In recognition of Black History Month, the Pro Bono Counseling Project celebrates the work and contributions of African Americans to the field of mental health care.  Here are just a few of the many mental health pioneers:

Inez Beverly Prosser, PhD

Dr. Inez Beverly Prosser was one of the first known African American woman to obtain her PhD in psychology.  Dr. Prosser inspired other Black women to believe they too could become doctors in the field of psychology. She completed her master’s degree at the University of Colorado and then her doctorate in psychology at the University of Cincinnati in 1933. Dr. Prosser evaluated the effects of racial inequality on the mental health of African American children. Her research and arguments helped lead some of the first discussions about desegregating American schools.

Herman George Canady, PhD

Dr. Herman George Canady is considered a foundational Black psychologist, exploring issues from gender to race. He earned a B.A in sociology, an M.A in clinical psychology as well as a Ph.D. in psychology from North Western University. He would later go on to become the Chair of the psychology department at West Virginia State College. Through his work, he organized with other Black psychologists to demand increased access to educational opportunities for Black students. He was the first to examine the racial bias that could arise from the race of test proctors in IQ testing. The field of Social Psychology has developed in numerous ways from his work, from stereotype threat theory to intergroup anxiety.

Francis Sumner, PhD

Dr. Francis Cecil Sumner is known as the “Father of Black Psychology” and in 1920 was the first African American to receive a Ph.D. in Psychology. Dr. Sumner earned his PhD in Psychology at Clark University, and went on to become the Chair of the Psychology department at Howard University. He was one of the first psychologists to examine the psychology of religion, and his most famous publication is Psychoanalysis of Freud and Adler. He was a leader is educational reform, and during his time at Howard University, he worked to distinguish Psychology as its own field, moving away from the trend of combining psychology, education, and philosophy together.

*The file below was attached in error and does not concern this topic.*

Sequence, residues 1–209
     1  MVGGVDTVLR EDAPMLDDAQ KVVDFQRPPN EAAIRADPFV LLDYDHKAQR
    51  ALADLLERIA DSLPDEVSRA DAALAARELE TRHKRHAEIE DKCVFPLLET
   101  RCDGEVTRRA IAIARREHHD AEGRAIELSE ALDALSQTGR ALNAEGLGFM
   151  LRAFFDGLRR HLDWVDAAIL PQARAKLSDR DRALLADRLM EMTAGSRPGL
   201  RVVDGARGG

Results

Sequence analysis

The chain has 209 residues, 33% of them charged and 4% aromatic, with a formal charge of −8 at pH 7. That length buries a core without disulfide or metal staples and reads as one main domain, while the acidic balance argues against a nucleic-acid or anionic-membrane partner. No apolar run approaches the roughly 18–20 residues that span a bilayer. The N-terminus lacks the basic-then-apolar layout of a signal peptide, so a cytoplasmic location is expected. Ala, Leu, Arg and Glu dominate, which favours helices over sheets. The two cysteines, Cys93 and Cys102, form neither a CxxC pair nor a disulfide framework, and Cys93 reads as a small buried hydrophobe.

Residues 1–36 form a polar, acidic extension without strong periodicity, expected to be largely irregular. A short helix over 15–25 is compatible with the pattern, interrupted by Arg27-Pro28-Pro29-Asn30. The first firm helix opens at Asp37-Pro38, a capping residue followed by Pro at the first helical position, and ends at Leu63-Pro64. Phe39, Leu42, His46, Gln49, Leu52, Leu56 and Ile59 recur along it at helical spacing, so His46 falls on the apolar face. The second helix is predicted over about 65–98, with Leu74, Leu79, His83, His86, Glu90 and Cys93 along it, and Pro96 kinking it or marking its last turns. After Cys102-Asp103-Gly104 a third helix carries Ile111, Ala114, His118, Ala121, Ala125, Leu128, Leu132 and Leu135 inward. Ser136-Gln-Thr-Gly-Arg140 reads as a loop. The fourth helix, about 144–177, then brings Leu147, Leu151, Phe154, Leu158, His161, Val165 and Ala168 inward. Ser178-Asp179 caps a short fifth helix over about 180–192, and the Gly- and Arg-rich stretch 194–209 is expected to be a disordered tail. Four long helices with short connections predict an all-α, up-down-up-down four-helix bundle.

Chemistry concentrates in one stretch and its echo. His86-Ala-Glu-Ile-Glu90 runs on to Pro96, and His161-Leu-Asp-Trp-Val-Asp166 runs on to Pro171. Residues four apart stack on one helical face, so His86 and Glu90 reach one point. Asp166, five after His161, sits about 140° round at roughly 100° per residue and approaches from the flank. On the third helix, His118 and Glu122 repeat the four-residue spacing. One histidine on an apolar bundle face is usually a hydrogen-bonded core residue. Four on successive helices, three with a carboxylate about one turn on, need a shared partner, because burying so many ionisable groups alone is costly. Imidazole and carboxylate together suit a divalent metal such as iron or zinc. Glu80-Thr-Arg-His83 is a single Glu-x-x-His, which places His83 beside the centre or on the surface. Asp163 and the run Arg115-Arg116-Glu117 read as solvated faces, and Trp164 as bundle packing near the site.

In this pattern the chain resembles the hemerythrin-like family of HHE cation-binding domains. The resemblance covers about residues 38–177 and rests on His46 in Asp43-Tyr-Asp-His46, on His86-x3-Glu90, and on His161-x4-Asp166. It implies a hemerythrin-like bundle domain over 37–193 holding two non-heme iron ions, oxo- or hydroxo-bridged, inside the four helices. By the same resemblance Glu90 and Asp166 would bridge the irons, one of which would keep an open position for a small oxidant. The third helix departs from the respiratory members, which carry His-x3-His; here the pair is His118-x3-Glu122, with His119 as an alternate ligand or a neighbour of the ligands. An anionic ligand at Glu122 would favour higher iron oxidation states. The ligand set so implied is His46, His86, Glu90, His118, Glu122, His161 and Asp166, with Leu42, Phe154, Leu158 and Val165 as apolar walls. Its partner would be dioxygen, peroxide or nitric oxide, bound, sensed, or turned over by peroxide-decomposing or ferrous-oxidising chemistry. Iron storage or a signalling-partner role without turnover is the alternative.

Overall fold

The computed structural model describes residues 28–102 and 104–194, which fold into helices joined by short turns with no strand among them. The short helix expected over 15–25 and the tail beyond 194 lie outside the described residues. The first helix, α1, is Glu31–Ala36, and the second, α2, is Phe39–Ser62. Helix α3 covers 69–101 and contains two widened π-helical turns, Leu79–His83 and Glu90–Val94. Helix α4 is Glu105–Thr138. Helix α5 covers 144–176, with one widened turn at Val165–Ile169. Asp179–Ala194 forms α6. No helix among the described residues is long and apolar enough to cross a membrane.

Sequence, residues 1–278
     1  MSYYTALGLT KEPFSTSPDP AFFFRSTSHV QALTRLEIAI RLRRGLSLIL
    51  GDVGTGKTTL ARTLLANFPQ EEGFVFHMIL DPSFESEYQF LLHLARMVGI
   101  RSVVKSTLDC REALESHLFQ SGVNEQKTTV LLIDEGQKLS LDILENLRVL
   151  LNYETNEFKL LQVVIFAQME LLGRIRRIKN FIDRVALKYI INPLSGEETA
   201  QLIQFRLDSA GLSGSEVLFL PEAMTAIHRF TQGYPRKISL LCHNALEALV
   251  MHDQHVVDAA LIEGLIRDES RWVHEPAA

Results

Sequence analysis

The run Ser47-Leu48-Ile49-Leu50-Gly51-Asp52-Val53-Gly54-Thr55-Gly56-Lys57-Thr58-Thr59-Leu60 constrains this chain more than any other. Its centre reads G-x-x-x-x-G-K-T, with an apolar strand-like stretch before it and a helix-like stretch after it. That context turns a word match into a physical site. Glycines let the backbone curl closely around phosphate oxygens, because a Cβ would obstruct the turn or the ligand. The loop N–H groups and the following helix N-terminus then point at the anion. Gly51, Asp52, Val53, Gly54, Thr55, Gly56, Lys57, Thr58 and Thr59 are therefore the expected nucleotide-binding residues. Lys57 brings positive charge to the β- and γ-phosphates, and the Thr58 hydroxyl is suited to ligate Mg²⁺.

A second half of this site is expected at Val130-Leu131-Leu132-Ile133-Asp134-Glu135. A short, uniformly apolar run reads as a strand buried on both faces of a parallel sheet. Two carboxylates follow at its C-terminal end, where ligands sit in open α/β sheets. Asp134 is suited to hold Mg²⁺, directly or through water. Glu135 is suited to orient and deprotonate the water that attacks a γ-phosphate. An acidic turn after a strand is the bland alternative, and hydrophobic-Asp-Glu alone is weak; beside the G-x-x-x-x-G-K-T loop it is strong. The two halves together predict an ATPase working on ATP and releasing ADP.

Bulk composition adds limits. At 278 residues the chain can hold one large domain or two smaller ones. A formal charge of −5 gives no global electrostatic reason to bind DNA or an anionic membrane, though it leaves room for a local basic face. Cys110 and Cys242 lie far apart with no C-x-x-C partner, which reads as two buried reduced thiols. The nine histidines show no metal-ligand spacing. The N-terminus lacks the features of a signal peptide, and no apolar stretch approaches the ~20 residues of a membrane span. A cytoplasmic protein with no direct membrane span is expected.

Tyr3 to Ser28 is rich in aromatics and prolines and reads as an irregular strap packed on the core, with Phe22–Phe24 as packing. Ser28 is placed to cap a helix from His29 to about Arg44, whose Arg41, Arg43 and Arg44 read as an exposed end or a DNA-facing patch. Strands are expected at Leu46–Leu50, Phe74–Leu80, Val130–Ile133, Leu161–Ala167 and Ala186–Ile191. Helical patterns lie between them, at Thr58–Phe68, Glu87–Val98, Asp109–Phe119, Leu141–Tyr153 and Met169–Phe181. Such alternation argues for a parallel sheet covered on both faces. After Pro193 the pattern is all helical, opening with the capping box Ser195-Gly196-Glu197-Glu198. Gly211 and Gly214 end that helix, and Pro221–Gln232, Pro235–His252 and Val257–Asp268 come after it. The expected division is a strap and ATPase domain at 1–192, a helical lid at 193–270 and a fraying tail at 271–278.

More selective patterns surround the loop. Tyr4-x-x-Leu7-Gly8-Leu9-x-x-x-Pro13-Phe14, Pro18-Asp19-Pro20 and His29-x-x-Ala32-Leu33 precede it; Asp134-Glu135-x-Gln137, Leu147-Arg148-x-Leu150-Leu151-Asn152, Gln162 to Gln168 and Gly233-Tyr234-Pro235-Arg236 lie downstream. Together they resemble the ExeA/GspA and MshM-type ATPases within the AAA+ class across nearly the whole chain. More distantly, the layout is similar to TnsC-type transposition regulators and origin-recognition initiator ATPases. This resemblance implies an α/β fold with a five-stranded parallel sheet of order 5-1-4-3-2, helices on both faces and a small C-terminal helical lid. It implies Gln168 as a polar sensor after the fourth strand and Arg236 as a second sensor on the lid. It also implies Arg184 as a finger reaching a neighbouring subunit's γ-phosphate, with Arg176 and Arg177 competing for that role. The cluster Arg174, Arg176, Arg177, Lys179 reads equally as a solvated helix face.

Solomon Carter Fuller, MD

Dr. Solomon Fuller was the first African American psychiatrist in the United States and was also the first African American psychiatrist recognized by the American Psychiatric Association. Dr. Fuller was one of the pioneers of Alzheimer’s research, and his work also included studies on manic depression and schizophrenia. Dr. Fuller migrated to the United States from Liberia to attend Livingstone College in Salisbury, North Carolina.  He then attended Long Island College Medical School and completed his medical degree at the Boston University School of Medicine in 1897.

Drs. Elmer and Joanne Martin

Drs. Elmer and Joanne Martin founded The National Great Blacks in Wax Museum in Baltimore in 1983.  The Museum is the nation’s first wax museum concentrating on Black history, life, and culture.  Dr. Elmer Martin was a sociologist and professor of social work at Morgan State University.  Dr. Joanne Martin is a noted historian, educator, and researcher. The Martins co-authored four books together: Social Work and the Black Experience; The Helping Tradition in the Black Family and Community; and Spirituality and the Black Helping Tradition in Social Work (published by the National Association of Social Work press) and the Black Extended Family (University of Chicago Press).